29 Matching Annotations
  1. Dec 2020
    1. Remember that async functions always return promises. This promise rejects if any uncaught error occurs in the function. If your async function body returns a promise that rejects, the returned promise will reject too.
  2. Nov 2020
    1. I refactored quite a bit of tarball-fetcher now to use actual Promises and asyncawait instead of passing resolve / reject callbacks around. This makes the code quite a bit easier to follow in my opinion, but let me know if anything should be changed there.
    1. Note that when using sass (Dart Sass), synchronous compilation is twice as fast as asynchronous compilation by default, due to the overhead of asynchronous callbacks.

      If you consider using asynchronous to be an optimization, then this could be surprising.

  3. Oct 2020
    1. Another example:

      const expensiveOperation = async (value) => {
        // return Promise.resolve(value)
          // console.log('value:', value)
          await sleep(1000)
          console.log('expensiveOperation: value:', value, 'finished')
          return value
      }
      
      var expensiveOperationDebounce = debounce(expensiveOperation, 100);
      
      // for (let num of [1, 2]) {
      //   expensiveOperationDebounce(num).then(value => {
      //     console.log(value)
      //   })
      // }
      (async () => { await sleep(0   ); console.log(await expensiveOperationDebounce(1)) })();
      (async () => { await sleep(200 ); console.log(await expensiveOperationDebounce(2)) })();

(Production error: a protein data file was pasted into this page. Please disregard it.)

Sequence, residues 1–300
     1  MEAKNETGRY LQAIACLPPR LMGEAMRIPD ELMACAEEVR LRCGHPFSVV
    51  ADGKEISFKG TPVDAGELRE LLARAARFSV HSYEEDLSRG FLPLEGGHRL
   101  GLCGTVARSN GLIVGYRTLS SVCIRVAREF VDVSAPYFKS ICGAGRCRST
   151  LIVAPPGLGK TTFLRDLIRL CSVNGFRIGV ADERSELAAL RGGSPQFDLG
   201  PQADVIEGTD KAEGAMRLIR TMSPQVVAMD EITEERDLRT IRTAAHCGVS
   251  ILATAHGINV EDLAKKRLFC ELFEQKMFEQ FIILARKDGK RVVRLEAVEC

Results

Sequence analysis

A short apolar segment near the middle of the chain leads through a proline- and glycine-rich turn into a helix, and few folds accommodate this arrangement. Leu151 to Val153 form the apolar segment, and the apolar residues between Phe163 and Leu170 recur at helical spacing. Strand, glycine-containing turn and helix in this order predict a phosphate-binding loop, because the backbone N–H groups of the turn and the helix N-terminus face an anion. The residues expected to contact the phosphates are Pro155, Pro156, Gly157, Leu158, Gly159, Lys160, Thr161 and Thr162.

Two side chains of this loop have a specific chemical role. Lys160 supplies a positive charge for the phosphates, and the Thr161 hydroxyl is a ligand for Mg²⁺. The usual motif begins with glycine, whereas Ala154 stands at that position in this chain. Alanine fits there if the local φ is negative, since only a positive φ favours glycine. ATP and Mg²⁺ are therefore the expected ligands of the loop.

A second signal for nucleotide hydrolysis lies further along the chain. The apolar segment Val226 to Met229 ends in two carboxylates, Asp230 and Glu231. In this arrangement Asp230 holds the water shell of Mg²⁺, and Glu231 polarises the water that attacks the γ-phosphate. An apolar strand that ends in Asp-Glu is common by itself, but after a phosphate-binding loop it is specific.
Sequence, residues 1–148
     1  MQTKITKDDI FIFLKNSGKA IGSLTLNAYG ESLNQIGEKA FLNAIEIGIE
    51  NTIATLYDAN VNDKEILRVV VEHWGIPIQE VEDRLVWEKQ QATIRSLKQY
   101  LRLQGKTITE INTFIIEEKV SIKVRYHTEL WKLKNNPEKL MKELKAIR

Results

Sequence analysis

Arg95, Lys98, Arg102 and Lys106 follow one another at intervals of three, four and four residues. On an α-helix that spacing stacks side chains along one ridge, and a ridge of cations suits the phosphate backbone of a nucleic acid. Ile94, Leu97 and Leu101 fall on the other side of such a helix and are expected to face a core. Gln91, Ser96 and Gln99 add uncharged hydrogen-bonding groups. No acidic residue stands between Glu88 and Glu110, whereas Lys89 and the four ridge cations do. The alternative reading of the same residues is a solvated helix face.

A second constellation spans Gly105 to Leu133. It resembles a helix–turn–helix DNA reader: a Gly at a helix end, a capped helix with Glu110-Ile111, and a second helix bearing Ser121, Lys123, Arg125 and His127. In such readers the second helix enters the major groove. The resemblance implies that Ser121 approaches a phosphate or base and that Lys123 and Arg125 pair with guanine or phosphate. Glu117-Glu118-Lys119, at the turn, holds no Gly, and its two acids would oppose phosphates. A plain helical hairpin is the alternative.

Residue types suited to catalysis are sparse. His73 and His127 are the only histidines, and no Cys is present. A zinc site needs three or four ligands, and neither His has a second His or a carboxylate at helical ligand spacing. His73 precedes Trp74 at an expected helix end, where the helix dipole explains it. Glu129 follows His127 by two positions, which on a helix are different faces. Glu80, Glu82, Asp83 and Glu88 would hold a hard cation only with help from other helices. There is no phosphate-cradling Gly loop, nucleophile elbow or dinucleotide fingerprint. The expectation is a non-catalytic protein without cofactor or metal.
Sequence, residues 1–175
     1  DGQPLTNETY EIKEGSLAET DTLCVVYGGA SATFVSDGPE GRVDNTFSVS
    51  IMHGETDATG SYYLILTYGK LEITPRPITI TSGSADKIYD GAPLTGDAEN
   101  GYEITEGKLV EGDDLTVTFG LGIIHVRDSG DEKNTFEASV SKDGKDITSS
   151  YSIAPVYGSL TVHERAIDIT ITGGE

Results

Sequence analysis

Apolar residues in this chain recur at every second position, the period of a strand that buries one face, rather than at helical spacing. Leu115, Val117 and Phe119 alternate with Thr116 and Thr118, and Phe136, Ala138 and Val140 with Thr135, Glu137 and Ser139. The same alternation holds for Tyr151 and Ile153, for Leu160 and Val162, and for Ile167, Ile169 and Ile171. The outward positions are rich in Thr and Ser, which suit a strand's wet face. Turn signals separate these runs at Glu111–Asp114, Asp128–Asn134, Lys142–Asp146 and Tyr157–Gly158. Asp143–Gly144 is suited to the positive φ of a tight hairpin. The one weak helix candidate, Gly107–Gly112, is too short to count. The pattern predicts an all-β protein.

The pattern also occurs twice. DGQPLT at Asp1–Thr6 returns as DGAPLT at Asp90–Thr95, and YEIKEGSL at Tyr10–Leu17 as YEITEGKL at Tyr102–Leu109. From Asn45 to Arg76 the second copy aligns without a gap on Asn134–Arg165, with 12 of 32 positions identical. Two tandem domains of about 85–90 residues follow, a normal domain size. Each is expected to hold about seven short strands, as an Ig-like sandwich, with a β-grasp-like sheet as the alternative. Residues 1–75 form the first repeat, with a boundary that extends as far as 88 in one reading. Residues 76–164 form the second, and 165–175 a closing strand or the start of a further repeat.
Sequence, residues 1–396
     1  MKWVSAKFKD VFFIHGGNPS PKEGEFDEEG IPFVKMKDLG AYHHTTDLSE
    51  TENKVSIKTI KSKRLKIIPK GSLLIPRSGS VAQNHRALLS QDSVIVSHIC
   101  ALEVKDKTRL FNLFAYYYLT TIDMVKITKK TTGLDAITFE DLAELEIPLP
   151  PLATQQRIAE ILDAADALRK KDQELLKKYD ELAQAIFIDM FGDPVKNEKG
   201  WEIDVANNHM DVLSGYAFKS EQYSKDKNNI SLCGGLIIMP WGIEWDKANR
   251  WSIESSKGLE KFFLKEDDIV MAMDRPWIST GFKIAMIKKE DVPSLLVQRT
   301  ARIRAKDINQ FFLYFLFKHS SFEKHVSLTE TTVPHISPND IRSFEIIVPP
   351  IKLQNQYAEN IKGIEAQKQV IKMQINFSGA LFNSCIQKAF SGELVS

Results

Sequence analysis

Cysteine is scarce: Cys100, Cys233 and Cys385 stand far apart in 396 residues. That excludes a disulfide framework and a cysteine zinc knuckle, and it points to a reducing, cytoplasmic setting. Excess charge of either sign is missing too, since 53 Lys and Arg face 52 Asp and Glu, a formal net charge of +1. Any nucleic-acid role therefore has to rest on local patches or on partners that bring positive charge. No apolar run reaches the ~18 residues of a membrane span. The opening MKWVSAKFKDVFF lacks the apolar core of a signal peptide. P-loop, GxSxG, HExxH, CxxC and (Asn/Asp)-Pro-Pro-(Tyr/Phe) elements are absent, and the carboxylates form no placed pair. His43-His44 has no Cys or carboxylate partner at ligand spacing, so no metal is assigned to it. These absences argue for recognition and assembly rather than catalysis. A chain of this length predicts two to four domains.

(async () => { await sleep(1300); console.log(await expensiveOperationDebounce(3)) })();
      // setTimeout(async () => {
      //   console.log(await expensiveOperationDebounce(3))
      // }, 1300)
      

      Outputs: 1, 2, 3

      Why, if I change it to:

      (async () => { await sleep(0   ); console.log(await expensiveOperationDebounce(1)) })();
      (async () => { await sleep(200 ); console.log(await expensiveOperationDebounce(2)) })();
      (async () => { await sleep(1100); console.log(await expensiveOperationDebounce(3)) })();
      

      Does it only output 2, 3?

    1. Unlike "native" events, which are fired by the DOM and invoke event handlers asynchronously via the event loop, dispatchEvent() invokes event handlers synchronously.
  4. Sep 2020
    1. here I wrapped the function call in an IIFE - that's what that (async () => {....})() is if you've never seen it. This is simply because we need to wrap the await call in a function that uses the async keyword, and we also want to "immediately invoke" the function (IIFE = "Immediately Invoked Function Execution") in order to call it.
    1. Here we store the three Promise objects in variables, which has the effect of setting off their associated processes all running simultaneously. Next, we await their results — because the promises all started processing at essentially the same time, the promises will all fulfill at the same time
    2. By only adding the necessary handling when the function is declared async, the JavaScript engine can optimize your program for you.
    1. $: (async() => filtered = await getItems())();
    2. Your solution is a very basic. The case above is more complex because using your solution you can't manipulate with fetched data outside of template and even outside {#await / } tag. So, if you need a read-only solution it's good but otherwise, it won't help you.